“Our people have responded well with statements that they never knew how great the need was and that they used to be afraid of homeless people,” said Pastor Dan. “Those fears are now largely gone. A number of our people have actually developed friendships with some of the homeless folks.”
Both pastors have said they have personally benefited from not only seeing their congregations respond so positively to this mission but by volunteering themselves.
“There have been times when my wife and I served side by side in the 2:30am to 7:00am night shift,” said Pastor Dan. “We enjoyed living out our faith together. I have also enjoyed watching Calvary people lose their fear of homeless people and develop friendships.”
Advocates for Homeless & Those in Need is looking for additional houses of worship who are open to supporting their mission of saving lives by eliminating deaths through exposure to extreme cold and hunger among the homeless and needy who live among us.
“At this point in time, AHTN is seeking two additional houses of worship that would be willing to host Code Blue in their space” said Karen Mineo, AHTN’s Executive Director. “Woodside Church and Calvary Baptist Church have really risen to the needs of our homeless friends the last 13 years, but in order to run Code Blue for all four winter months AHTN needs to secure two additional houses of worship to each take one month of the winter.”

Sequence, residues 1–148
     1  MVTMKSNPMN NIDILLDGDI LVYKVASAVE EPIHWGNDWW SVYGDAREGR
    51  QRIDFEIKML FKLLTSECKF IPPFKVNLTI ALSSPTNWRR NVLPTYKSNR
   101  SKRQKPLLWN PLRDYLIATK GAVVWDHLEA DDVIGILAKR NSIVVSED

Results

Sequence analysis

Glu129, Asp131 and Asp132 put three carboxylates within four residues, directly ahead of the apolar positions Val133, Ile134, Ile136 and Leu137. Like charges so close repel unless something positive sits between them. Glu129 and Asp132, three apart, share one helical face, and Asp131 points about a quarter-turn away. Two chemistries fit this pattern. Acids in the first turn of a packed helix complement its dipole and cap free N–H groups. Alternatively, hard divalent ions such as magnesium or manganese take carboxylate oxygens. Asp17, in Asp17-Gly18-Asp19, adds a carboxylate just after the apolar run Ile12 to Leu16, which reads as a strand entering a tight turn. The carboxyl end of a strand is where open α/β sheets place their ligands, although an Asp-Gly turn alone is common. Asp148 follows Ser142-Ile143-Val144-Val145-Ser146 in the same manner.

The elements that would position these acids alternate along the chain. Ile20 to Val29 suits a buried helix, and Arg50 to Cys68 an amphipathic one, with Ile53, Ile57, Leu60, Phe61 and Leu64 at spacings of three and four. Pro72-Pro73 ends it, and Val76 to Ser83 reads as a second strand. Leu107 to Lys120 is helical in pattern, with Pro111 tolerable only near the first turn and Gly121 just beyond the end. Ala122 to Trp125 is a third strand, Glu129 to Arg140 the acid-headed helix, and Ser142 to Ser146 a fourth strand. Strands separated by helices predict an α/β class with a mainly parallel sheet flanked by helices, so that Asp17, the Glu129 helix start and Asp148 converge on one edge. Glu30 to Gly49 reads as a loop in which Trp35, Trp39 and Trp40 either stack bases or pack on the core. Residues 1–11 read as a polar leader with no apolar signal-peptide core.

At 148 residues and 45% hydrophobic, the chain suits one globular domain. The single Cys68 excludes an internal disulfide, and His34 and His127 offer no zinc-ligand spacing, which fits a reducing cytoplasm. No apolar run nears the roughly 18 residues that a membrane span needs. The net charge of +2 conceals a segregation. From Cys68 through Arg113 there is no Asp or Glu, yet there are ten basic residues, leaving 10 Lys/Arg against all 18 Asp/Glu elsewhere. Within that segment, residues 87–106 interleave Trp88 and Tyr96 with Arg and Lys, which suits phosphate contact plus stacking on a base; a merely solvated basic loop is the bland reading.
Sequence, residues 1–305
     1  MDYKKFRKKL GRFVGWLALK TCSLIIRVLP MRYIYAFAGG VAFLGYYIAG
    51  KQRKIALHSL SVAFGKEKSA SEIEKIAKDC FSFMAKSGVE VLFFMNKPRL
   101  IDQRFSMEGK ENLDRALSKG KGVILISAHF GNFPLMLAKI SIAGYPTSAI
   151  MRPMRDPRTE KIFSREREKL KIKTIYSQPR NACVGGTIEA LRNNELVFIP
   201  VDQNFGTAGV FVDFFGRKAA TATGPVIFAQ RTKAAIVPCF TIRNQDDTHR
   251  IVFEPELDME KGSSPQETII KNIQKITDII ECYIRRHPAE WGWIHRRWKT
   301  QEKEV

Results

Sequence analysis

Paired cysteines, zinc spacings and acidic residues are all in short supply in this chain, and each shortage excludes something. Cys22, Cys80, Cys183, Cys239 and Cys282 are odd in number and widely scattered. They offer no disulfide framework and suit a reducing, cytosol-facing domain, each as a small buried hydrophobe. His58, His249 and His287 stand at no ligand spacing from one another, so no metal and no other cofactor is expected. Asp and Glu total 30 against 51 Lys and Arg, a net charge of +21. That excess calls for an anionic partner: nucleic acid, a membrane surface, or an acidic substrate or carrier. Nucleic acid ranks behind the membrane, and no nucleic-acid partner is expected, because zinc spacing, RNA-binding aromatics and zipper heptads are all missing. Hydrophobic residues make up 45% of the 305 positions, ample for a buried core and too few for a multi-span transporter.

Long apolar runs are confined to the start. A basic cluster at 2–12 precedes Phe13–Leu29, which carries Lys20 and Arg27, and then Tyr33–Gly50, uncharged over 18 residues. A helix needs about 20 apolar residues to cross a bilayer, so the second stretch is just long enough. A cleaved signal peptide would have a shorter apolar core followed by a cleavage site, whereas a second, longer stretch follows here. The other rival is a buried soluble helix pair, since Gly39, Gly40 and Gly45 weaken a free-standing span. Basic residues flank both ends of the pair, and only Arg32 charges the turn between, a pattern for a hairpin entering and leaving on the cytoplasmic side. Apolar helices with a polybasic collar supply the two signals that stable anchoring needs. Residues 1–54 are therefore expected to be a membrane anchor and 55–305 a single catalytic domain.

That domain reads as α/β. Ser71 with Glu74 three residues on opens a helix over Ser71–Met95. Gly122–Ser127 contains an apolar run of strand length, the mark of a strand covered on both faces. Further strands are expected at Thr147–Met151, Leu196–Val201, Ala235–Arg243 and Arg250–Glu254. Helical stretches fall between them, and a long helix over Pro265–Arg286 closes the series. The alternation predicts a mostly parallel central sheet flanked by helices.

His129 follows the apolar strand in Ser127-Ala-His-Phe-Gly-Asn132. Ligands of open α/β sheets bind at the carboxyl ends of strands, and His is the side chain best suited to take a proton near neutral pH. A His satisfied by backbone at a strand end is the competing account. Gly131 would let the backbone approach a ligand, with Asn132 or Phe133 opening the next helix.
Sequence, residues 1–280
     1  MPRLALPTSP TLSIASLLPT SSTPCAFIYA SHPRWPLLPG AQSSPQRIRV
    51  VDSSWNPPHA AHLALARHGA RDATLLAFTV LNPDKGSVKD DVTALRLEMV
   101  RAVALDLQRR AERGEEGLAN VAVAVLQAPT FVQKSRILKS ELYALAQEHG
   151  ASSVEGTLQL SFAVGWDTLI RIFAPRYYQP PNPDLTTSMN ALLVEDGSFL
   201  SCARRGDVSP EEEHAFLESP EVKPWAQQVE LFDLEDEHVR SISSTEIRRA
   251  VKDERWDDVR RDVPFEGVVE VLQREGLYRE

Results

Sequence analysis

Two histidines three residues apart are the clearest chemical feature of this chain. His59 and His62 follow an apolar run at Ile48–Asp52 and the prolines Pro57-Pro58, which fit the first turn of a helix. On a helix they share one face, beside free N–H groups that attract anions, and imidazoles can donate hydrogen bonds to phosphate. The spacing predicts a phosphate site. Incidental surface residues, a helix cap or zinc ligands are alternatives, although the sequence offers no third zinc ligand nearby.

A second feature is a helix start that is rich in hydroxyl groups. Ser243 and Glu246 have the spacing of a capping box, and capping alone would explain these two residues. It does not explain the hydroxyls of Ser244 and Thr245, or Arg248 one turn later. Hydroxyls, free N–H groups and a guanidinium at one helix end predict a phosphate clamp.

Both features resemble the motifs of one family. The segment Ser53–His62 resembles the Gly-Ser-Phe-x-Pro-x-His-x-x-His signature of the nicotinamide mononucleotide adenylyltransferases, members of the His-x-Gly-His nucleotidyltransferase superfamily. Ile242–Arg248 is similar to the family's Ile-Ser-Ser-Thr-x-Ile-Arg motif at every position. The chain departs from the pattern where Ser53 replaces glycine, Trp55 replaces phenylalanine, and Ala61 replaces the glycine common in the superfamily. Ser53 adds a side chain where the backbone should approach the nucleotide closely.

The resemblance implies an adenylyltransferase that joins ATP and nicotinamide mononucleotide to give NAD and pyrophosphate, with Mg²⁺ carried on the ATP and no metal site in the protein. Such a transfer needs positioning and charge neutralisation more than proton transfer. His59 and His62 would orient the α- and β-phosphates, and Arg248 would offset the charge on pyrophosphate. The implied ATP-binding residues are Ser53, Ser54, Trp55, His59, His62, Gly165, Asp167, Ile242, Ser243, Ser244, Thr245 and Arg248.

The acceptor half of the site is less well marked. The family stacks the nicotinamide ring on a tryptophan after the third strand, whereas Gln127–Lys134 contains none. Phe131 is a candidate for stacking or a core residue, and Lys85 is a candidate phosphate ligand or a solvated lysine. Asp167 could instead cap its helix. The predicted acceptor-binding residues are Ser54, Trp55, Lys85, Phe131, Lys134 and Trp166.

And while working with the homeless is not without its challenges, both pastors would not hesitate to recommend it to other religious leaders looking for an opportunity to impact their community.
Pastor Dan at Calvary said that “without a doubt” he would recommend that other houses of worship become Code Blue sites.
“The tendency of those who are part of houses of faith can be an internal focus,” he said. “An internal focus can leave the attendees pretty comfortable with their own group and they lose the focus on reaching out – they need to stretch their faith.”
And knowing that the need is great and that many volunteers are required to serve that need makes Pastor Doug recommend that more area houses of worship get involved in Code Blue.
“As my mother said, ‘Many hands make light work’, he said. “A small investment of time on your part returns an immeasurable spiritual reward. And you are literally saving lives by providing refuge from the biting icy temperatures.”
Calvary and Woodside have the physical facilities required to host the temporary shelter each year and both pastors view the giving of those facilities over to Code Blue a key way that their churches can benefit their communities.
“We have been blessed with a large facility and part of our faith journey has been to figure out how we can steward our facility in a helpful way to our community,” said Pastor Dan. “Code Blue has been a near perfect part of the answer.”
And while every congregation may not have the physical space to be a host site, all congregations can support the mission through giving donations and providing volunteers for Code Blue.
“We realize not every church can be a host site,” Pastor Doug said, “but every congregation can send disciples to be part of the team.”